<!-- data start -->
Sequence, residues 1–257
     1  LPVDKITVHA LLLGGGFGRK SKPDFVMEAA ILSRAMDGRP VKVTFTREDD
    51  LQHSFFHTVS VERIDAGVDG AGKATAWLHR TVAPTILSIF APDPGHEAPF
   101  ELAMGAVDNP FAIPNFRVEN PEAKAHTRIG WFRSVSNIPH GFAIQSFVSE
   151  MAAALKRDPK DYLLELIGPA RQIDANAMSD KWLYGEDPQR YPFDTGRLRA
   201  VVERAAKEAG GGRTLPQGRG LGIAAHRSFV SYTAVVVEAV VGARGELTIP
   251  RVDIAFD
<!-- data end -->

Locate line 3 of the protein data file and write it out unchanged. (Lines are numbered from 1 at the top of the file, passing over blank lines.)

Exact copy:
    51  LQHSFFHTVS VERIDAGVDG AGKATAWLHR TVAPTILSIF APDPGHEAPF